But if we saw something unusual, like a dark shadow lurking in the bushes, we would focus more attention to that area, our brain would fire a fear alarm, and that memory would get stored as a potential threat.
That fear cements a shadow—or memory—in our brain, that causes us to take what might be life-saving action.
Similarly, any emotion attached to an experience will make the memory stick better. A good example of this is how you’ll remember the lyrics to a melancholy song you love more easily than say, a telephone number.
Bottom line is, any emotion or challenge will help with cognition and make the memory—the lesson learned—stick around for the long term. Without those triggers, you might as well be seeing another bird in the sky.
So a little memory trick you can use anytime is to bring some emotion or feeling to the experience.
Now, what if it has been a while since you challenged your cognition or learned something new?
Good news: It’s never too late to start!
We now know we are designed with the plasticity to re-grow new brain cells at any age.
And don’t worry— You’re not alone if you find it harder to learn or read new things than before.
For one thing, there is so much competing for our attention in these days of the information age. Even the news has an extra news stream at the bottom of the screen.
With all this information overload, we’ve become experts at skimming. Just like the bird example, it’s the only way we can filter this sea of information to decide what’s important to focus on, and what to ignore.
The unfortunate result is that our focus and recall start to diminish as we tune things out, which means we’re using less of our brains on a regular basis… and by now you know what that means:
Your brain is shrinking!
This is very alarming of course, but simply one more reason to get your brain back in the game, by learning something new every day.
Cross-Train Your Brain: How does it work?
Crosswords and similar games are a good place to start… unless you’ve been doing them for years, in which case it’s time to try something new.
A fun, easy way to get going is to make a list of things you’ve always wanted to do in life, and keep it somewhere you will see every day.
Then starting TODAY, pick one activity you’ve always wanted to do, and go for it.
Ideally, pick something that involves multiple senses, like using your hands as along with something that involves mental activity, such as mathematics, organization, attention, etc.
You might try building a model airplane if you love airplanes, trying out a new musical instrument, studying a new language you’ve always wanted to speak… ANYTHING!
The best part is, committing to constant learning not only dramatically improves your memory and cognition; it is the natural path to living your fullest and happiest life.
How To Start:
First and foremost, start off by testing your memory so you have a baseline to see (and enjoy!) your progress. I recommend taking a few fun tests before starting your memory improvement practice, and then taking them again at the 4, 8 and 12-week mark.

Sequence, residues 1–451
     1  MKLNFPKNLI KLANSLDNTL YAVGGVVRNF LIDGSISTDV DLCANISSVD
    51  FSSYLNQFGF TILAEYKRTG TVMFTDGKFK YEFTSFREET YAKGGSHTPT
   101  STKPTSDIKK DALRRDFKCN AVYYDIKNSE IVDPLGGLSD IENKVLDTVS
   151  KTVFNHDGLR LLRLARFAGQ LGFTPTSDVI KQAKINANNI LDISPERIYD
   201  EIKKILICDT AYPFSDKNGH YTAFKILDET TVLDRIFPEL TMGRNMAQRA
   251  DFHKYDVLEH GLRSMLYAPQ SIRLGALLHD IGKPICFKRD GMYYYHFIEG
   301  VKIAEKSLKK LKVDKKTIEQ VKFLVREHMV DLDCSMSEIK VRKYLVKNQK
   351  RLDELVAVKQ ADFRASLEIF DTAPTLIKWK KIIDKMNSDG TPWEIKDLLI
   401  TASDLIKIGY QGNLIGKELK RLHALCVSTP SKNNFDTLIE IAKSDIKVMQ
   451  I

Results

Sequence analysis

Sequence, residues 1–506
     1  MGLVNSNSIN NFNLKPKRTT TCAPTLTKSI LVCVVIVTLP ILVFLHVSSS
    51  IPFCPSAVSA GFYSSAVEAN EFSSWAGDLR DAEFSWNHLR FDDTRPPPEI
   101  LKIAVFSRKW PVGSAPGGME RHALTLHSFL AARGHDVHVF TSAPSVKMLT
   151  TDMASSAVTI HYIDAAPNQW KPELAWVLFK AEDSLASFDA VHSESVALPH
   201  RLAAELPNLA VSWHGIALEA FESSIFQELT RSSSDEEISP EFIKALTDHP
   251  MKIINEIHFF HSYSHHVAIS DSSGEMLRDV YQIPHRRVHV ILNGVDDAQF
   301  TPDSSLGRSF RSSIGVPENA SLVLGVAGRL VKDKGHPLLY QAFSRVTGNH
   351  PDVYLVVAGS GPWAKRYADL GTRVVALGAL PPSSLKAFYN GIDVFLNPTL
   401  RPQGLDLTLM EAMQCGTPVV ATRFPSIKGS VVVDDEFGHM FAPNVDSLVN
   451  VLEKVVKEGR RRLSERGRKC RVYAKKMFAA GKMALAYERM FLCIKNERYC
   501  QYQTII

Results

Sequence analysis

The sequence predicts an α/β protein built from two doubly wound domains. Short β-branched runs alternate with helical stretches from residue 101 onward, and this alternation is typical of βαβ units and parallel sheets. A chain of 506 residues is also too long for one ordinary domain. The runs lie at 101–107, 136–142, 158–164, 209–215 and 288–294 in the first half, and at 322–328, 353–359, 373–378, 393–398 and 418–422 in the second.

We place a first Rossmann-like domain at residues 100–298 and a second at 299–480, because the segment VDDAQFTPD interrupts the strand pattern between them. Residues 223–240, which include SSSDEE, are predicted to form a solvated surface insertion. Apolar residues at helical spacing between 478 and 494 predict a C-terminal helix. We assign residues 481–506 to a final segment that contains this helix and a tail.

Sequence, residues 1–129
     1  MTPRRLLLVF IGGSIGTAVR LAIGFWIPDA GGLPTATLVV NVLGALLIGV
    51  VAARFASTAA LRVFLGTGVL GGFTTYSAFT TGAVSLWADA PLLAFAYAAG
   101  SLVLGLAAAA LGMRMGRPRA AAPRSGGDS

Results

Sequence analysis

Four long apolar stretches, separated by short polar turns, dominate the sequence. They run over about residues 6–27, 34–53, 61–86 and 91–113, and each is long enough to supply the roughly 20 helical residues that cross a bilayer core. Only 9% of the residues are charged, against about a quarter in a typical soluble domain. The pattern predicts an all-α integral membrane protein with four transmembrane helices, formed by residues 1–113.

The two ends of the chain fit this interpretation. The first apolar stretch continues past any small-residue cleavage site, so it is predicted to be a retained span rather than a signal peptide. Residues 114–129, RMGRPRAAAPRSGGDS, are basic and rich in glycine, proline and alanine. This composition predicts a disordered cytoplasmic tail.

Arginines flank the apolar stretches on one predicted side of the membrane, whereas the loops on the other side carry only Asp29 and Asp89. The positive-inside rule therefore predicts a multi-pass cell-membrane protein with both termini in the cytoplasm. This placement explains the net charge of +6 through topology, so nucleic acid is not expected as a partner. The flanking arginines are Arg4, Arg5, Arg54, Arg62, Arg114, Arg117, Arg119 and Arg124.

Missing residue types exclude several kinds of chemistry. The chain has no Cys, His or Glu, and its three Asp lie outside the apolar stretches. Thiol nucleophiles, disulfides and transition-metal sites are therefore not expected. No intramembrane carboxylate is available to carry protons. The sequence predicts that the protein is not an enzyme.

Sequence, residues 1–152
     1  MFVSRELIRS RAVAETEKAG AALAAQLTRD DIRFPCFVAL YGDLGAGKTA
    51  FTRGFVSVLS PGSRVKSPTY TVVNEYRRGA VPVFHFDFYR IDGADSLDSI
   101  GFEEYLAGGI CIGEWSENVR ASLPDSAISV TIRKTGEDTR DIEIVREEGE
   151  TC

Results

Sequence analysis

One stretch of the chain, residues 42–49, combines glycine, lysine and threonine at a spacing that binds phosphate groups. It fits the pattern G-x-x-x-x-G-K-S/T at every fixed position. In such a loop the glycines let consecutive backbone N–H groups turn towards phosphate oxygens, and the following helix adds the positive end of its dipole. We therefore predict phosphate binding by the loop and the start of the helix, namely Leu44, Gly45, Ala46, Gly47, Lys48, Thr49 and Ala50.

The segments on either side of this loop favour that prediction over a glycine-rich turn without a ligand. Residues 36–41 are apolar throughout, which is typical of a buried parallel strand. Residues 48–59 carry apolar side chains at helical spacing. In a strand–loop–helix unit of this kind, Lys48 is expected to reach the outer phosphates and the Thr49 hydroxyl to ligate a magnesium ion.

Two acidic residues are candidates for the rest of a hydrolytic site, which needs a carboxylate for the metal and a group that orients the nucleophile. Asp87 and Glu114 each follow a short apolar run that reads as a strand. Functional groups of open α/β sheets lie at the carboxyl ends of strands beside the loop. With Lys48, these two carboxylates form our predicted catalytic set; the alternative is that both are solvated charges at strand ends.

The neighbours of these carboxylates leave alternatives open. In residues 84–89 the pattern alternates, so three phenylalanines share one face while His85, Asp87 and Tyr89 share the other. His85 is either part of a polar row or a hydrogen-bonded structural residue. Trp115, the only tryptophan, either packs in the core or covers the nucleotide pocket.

Here are some of my favorite tests to pick from:
Note: For best results, do three runs of these tests to start with. Keep track of your total score and Reaction Time, Accuracy and Conc Level, by pressing the “Detailed Results” button.
Now, you’re ready to start challenging yourself— and have fun growing new brain cells every day.
Here’s how to start, based on where you’re at now.
Step 1: If you haven’t really “challenged” your brain in a while…
Start by picking up a few easy crosswords or a new book on a subject you’ve been interested to know more about.
Start simple: For the first week, dedicate just 10 minutes a day of focused attention on your new brain challenge. Then, add 10 minutes of focus time each week over the next three weeks. So by the end of four weeks, you’ll be spending 40 minutes a day on focused learning— aka: 40 minutes of literally re-growing your brain! Next, move onto Step 2.
Step 2: If you’re already a semi-active learner…
You’re ready to take it to the next level. Pick up a high-level book from your school days on a subject you liked. Or get out there and try something fun and new that trains your mental and physical coordination, like a dance class or kayaking.
If you have physical restrictions, consider volunteering with a program like Experience Corps, which I mentioned above.
Trust me: It works! When you’re actively challenging your brain every day, you should start seeing noticeably better memory and cognition. Once your cobwebs are cleared, move onto Step 3.
Step 3: If you are already challenging yourself or consider yourself an avid learner…
It’s time to step up your game. Pick up a book called Moonwalking with Einstein by Joshua Foer. At my lowest point in life, this was the book I used to really jump-start my brain. Not only is it a fun read, it will teach you how to add daily memory exercises to your routine, and use your brain to the “nth” degree to re-grow brain cells… and shine your brightest.
And I’ll be honest: You might have the best practice in the world, but the truth is ALL brains also need a little extra help if we want to see major results.
Whether you’re just getting started on your memory fitness, or dreaming to be the next memory champion, your brain absolutely needs very specific nutrients to operate best, which are hard to get in the modern diet.
Giving your brain not just its daily vitamins, but the right brain-specific nutrients has a huge impact on learning faster, sharper memory, and being that bright, youthful powerhouse people admire… at any age.
Try it for yourself – it really DOES make a difference!